January 25, 2021
In its Cannabis Resource Issue, ROI-NJ asked New
Jersey’s top legal and financial experts what anyone who wants to break into
the state’s cannabis business should keep in mind.
ROI-NJ posed several questions. Sills Cummis Cannabis
Industry Practice Group Co-Chairs Victor J. Herlinsky, Jr. and Robert E.
Schiappacasse weighed in.
How do you serve those in the
Our Cannabis Industry Practice provides a broad range of
services to the cannabis industry. Our clients include applicants for licensure
to do business in the cannabis industry, operators in the cannabis industry and
others doing business in the industry, including sources of finance,
consultants and advisers, landlords and cannabis company executives.
Specifically, we have been involved in cannabis-related transactions in New
Jersey, Nevada, Arizona, Pennsylvania and Maryland. As one of a few law firms
involved at the outset of the legalization of gambling in New Jersey, we
understand the political, business and legal challenges clients will face. In
that spirit, we work both to understand the regulatory framework and to guide
our clients to maximize the benefits and protections available under existing
and proposed laws and regulations. —Robert E. Schiappacasse
How should those who want to be
involved in the industry proceed in the next 12 months as the rules and
regulations — and the licensing — are worked out?
Given continuing regulatory issues revolving around cannabis,
it would be advisable for those wishing to enter the market to proceed
cautiously. The soon-to-be-approved Cannabis Commission still needs to be set
up with staff and regulations. There are inherent delays in any new
organization, and regulatory issues could compound this. The difficulty in
acquiring alcohol liquor licenses in New Jersey could be a preview of what the
cannabis license market could be like. This being said, regulatory barriers on
entry will ensure that the licenses will be valuable once attained. The
problems of too many licenses associated with markets such as Colorado and Oregon
will not occur here in New Jersey. —Victor J. Herlinsky, Jr.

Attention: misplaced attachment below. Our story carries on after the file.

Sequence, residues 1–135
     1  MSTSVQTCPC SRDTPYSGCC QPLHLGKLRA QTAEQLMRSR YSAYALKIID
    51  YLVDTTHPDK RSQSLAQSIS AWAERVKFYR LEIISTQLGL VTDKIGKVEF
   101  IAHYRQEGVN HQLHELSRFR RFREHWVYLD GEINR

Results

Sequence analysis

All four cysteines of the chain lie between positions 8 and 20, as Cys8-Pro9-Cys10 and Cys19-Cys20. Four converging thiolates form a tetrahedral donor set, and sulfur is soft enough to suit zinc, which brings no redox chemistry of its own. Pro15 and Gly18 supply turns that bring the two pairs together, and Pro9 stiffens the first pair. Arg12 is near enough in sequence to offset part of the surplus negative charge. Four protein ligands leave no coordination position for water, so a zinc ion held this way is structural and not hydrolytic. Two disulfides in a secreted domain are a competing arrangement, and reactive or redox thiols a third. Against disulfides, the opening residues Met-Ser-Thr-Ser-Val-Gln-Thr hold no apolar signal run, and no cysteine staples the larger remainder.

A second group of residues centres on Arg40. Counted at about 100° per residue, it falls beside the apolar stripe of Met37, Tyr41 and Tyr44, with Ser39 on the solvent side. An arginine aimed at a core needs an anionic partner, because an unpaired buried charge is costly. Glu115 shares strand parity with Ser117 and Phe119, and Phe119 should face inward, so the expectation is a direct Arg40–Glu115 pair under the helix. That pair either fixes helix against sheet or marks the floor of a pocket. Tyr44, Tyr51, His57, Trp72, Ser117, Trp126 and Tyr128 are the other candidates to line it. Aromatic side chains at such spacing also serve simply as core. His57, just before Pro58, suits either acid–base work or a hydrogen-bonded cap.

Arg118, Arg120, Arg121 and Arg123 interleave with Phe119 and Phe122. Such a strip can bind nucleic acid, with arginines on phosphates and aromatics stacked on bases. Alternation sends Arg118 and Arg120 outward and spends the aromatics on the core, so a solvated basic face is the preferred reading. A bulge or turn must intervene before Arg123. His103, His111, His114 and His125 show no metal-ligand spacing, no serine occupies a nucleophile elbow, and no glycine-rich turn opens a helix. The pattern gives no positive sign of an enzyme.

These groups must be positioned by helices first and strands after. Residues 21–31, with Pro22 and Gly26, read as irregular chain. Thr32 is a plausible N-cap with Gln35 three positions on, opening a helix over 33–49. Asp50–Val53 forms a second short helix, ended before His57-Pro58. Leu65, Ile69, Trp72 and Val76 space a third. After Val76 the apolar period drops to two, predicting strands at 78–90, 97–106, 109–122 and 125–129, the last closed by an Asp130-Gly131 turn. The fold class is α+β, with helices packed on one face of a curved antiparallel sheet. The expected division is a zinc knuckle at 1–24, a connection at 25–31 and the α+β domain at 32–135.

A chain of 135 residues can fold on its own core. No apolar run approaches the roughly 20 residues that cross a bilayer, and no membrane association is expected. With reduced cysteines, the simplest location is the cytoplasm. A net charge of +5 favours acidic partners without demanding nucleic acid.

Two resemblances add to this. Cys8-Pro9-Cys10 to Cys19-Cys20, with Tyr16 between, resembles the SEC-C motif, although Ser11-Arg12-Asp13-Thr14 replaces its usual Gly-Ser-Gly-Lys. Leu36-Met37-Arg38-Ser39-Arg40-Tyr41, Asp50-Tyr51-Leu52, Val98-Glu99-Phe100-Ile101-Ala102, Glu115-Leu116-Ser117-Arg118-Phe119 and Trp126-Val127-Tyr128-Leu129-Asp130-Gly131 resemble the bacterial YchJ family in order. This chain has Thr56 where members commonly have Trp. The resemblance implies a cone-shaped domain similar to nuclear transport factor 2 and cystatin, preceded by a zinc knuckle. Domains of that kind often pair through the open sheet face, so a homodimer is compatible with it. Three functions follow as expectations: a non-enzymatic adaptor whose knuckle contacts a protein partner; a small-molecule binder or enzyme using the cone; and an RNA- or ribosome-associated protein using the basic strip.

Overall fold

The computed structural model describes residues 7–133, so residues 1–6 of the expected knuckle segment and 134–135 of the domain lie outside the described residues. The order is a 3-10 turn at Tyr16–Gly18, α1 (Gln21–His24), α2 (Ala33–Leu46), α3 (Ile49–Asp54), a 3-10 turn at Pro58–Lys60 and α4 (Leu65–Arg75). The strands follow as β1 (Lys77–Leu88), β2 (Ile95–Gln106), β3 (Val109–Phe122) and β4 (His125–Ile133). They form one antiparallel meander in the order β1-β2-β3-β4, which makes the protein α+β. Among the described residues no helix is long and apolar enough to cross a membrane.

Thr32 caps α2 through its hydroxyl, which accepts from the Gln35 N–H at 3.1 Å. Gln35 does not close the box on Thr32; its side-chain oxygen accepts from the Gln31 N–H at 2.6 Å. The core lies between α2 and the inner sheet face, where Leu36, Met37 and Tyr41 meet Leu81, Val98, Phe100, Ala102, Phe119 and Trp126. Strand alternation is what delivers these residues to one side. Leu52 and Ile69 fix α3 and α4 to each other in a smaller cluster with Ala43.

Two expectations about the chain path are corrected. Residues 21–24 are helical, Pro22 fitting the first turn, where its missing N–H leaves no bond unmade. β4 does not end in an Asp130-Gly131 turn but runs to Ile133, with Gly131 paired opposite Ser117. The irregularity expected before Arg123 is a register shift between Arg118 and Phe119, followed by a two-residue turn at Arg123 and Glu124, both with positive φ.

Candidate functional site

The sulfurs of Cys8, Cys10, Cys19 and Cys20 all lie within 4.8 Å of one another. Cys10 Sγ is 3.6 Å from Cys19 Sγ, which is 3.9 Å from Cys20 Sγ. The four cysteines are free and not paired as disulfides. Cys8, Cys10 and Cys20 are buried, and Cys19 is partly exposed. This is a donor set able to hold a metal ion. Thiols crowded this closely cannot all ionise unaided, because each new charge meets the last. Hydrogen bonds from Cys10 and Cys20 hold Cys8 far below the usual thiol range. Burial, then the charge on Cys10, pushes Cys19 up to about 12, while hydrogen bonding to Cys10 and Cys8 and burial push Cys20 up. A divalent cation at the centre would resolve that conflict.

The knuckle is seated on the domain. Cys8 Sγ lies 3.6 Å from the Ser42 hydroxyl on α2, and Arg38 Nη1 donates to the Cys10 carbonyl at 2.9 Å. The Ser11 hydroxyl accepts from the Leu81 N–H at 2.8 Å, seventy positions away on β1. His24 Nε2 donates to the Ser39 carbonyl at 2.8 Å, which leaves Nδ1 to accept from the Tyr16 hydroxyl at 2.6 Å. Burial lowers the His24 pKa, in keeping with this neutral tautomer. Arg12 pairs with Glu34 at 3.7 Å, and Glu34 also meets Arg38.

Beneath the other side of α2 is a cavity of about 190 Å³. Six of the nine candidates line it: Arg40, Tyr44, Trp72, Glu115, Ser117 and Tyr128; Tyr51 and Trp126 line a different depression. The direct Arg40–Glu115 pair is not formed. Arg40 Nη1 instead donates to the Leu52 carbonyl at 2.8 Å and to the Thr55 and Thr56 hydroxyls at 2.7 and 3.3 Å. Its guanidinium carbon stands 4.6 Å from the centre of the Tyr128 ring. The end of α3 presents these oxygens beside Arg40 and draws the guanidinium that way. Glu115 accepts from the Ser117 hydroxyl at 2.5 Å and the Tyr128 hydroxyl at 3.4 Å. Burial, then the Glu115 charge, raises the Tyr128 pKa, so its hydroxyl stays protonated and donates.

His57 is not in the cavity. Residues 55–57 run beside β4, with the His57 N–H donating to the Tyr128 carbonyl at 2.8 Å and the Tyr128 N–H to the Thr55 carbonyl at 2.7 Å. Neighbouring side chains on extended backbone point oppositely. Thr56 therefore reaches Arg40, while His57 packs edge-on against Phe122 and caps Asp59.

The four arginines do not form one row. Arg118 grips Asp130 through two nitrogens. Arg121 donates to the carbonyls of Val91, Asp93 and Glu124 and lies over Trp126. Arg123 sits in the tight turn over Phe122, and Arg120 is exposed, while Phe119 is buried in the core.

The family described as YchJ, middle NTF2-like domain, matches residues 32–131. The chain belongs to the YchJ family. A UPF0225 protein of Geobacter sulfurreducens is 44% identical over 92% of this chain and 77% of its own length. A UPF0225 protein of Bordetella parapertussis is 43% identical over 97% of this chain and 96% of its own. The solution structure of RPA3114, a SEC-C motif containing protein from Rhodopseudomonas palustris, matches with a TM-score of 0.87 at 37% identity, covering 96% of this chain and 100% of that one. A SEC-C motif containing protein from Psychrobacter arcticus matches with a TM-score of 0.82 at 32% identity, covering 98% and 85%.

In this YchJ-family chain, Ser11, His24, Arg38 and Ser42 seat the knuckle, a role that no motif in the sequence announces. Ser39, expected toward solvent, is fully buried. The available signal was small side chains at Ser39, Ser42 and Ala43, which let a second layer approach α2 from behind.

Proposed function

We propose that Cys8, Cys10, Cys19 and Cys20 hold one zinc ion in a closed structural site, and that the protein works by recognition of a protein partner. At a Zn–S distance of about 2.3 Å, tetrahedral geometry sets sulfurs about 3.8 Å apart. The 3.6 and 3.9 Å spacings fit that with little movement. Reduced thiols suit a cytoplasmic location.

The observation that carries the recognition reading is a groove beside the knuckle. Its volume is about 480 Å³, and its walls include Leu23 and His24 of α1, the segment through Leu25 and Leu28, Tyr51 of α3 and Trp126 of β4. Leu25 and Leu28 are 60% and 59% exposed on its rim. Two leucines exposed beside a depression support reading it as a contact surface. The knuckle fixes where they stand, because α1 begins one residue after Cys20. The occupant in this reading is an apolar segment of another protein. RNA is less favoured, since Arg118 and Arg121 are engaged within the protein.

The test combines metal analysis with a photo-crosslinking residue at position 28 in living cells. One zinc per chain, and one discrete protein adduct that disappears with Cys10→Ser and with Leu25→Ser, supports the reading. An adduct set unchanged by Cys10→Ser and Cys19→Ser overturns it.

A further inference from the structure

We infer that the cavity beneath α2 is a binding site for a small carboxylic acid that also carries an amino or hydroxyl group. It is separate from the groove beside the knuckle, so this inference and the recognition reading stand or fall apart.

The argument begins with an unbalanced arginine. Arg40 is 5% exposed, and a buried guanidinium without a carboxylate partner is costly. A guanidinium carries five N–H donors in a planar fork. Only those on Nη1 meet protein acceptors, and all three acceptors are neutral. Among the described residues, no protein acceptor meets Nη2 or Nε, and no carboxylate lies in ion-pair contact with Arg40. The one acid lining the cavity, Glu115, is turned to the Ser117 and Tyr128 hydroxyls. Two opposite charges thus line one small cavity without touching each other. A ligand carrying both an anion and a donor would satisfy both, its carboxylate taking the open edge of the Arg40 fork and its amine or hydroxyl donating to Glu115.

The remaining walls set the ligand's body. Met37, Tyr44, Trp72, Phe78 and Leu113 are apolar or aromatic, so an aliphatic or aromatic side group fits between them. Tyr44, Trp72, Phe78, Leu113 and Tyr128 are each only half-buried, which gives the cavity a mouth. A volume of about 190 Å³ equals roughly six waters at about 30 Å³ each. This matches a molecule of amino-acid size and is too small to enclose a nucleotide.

What is a barrier to entry — or
an issue most people don’t think of — that needs to be addressed to play in
One hurdle to possible success in the cannabis industry here in
New Jersey is experience. As a nascent industry in New Jersey, operators are
going to need to have access to intellectual capital and resources to solve
problems and address issues that are likely to occur, and yet may be unique to
the industry here in New Jersey. Unlike other, more well-developed industries
in which first-time operators would have years, if not decades, of industry
information to rely upon, New Jersey operators may need to go outside New
Jersey for that information. —Robert E. Schiappacasse
What’s something else we should
know about doing business in the cannabis space in New Jersey?
The key to any successful cannabis enterprise will be finding
the appropriate location. Finding a receptive municipality is no easy task.
Many municipalities have chosen to take a wait-and-see approach. Furthermore,
the local zoning that has been approved for development of cannabis businesses
are often in industrial or other out-of-the-way locations, which are not
necessarily conducive to thriving retail operations. I believe that the correct
formula for finding a location to start your cannabis business in New Jersey
must include strong local connections, either through professional consultants
or equity partners. —Victor J. Herlinsky, Jr.